Jenks Public Schools, ONG battle gas leak at middle school
Due to the COVID-19 pandemic, Jenks Public Schools has made virtual learning an option for all its secondary students.
However, due to a gas leak at Jenks Middle School, all Jenks Public Schools’ seventh and eighth grade students have been forced into distance learning since Nov. 13.
The school district sent out an emailed letter to all parents and guardians of Jenks Middle School students this past weekend after another failed test last Friday at hands of Oklahoma Natural Gas.
The letter was written by Jenks Public Schools’ Superintendent Dr. Stacey Butterfield and Jenks Middle School Site Principal Dr. Nick Brown.
This is what the letter said:
“We share your frustration concerning the gas outage at Jenks Middle School. This issue has taken far too long to resolve. We desperately want our students back in the building for in-person learning, and we know how difficult this has been on our students and families. This situation ranks as one of the most frustrating maintenance issues the district has faced.
The repair is taking much longer than expected due to the sheer size of the Middle School and the degree of difficulty involved in passing a final pressure test. The contractor began working to identify the leak(s) on Nov. 12. Unfortunately, with JMS being the largest single building in the district, there are miles of gas lines running under and inside the building. These lines are in the slab of the building, mechanical closets, walls, classrooms, science labs, restrooms, cafeteria, offices, etc. Please understand, this is not simply one small leak isolated to one area. There has been a series of micro-leaks throughout the building. Some of these micro-leaks are extremely hard to locate. Every time the gas lines are pressurized to ready the system for a test, additional micro-leaks can be created. Those leaks must be located and repaired before the system can be pressurized again. This cycle of locating, fixing, and testing has been going on for several weeks. Once the gas lines are fully pressurized, all it takes is a drop in pressure of 1/100th of a pound to fail the test. For safety reasons, Oklahoma Natural Gas (ONG) has a zero-tolerance policy. We were hopeful students could return to JMS on Monday, but last week, an ONG pressure test failed. More repairs followed and ONG conducted another pressure check which narrowly failed late in the day on Friday.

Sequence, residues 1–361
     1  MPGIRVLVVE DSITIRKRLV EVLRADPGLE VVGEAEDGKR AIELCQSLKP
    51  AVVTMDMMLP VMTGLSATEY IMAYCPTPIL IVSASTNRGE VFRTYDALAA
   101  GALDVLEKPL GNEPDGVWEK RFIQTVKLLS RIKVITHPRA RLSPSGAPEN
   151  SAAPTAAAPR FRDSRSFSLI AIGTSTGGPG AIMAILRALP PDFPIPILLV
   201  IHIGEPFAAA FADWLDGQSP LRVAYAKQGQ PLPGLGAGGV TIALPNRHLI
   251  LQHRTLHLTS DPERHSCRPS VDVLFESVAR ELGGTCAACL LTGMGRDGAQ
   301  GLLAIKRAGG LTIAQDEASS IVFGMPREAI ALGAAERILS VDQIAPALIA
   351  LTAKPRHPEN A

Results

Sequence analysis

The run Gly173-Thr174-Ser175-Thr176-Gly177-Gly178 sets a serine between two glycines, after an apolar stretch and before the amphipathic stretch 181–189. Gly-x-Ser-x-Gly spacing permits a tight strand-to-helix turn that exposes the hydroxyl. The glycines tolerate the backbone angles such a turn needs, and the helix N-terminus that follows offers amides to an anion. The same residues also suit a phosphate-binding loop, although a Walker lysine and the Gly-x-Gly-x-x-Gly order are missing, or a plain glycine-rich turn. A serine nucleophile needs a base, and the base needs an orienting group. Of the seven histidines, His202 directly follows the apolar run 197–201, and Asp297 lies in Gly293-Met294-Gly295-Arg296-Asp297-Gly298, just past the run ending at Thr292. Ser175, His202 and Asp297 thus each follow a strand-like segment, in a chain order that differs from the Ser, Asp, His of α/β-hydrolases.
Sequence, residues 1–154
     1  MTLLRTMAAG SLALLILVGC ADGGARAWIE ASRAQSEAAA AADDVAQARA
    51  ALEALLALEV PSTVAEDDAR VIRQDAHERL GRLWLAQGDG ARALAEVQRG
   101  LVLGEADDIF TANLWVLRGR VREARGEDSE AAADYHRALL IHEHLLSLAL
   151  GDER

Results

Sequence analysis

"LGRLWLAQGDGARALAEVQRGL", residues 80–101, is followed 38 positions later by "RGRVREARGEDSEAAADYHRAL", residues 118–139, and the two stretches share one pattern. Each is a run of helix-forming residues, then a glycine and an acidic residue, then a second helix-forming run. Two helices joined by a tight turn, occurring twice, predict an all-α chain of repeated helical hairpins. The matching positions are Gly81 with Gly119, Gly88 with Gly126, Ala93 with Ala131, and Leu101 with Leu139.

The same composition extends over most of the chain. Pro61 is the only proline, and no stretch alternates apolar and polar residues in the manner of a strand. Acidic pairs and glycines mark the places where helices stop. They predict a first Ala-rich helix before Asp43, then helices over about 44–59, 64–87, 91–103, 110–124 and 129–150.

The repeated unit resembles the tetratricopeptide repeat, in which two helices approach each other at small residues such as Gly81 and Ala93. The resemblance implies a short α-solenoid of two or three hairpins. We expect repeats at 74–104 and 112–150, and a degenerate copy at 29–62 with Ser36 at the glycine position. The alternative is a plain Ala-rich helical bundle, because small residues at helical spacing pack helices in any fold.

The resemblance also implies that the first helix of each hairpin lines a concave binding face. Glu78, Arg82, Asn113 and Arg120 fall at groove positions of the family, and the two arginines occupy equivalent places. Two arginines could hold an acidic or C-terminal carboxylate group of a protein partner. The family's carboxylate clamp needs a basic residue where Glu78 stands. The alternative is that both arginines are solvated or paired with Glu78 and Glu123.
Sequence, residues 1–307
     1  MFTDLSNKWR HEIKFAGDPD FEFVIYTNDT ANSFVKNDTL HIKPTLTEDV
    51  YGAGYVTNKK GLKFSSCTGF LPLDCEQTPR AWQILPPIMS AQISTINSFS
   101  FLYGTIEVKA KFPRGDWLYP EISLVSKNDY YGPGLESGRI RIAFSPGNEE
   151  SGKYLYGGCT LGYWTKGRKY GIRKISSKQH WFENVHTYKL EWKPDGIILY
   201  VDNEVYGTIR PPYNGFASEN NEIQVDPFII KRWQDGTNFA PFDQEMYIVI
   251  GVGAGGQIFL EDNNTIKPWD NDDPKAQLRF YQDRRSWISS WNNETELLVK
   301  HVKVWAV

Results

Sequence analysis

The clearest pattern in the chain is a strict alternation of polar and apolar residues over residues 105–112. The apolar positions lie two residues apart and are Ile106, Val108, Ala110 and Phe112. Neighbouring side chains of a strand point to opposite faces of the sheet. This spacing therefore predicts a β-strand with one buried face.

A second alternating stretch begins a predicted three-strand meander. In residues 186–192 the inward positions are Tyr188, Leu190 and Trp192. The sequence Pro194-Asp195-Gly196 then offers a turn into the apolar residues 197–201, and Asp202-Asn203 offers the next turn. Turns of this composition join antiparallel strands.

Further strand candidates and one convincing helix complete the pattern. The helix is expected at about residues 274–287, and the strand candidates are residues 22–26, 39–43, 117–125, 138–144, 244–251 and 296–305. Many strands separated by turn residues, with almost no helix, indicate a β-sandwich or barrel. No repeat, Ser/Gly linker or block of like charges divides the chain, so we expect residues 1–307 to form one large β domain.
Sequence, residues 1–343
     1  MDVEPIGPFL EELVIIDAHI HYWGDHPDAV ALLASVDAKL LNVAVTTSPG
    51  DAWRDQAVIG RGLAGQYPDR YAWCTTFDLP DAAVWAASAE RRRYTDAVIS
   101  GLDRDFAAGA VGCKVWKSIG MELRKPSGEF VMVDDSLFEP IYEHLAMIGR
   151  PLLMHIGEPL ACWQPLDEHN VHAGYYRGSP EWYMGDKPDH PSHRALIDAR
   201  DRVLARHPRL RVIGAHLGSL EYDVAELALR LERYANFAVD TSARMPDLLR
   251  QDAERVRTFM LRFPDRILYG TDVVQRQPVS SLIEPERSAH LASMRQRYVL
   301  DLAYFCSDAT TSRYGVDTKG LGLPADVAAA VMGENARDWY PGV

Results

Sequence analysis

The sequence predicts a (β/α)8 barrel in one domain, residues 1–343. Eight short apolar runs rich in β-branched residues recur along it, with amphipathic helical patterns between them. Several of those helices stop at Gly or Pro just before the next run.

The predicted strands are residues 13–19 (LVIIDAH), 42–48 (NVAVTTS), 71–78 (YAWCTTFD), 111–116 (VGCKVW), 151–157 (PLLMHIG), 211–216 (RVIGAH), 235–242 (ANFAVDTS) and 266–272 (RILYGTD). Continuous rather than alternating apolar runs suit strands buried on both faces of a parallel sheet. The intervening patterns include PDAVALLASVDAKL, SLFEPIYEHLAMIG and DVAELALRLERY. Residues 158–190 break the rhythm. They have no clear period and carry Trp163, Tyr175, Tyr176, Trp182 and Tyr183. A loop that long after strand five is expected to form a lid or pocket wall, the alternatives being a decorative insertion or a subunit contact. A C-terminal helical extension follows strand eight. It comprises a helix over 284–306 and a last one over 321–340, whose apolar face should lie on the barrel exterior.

This is by no means the first gas leak JPS has faced. Our district has dealt with these issues in the past, but no one ever dreamed we would run into the complexity of challenges, frustrations, and costs associated with this issue at the Middle School. The timing of this “winter leak” creates different challenges as well. If the building were without heat for only a couple of days, the classrooms could return to a comfortable temperature in a short period of time. However, now that the heat has been turned off for several weeks, it will take much longer to warm the entire building. On average, the building temperature hovers around 55 degrees. Classrooms and offices range from the upper 40s to low 50s in the morning. Classrooms located on the north side of each wing warm up much slower than classrooms on the south side due to the position of the sun.
In listening to parent concerns about the disconnect between home and school because of the pandemic and gas outage, this week, Middle School teachers will begin sending regularly scheduled team newsletters for families. These newsletters will highlight ways that parents can help support their students during distance learning and will provide tips for using the browser-based Canvas platform to monitor student coursework.
Site and district staff members will continue to identify learning gaps created by distance learning during the pandemic and the additional three weeks away from school due to the gas leak. These gaps will be addressed using a variety of tools and strategies available for online and in-person instruction.
We are committed to doing everything in our power to welcome students back on Tuesday following the Dr. Martin Luther King holiday on Monday.”
The Jenks Tribune will continue to update this story as it progresses.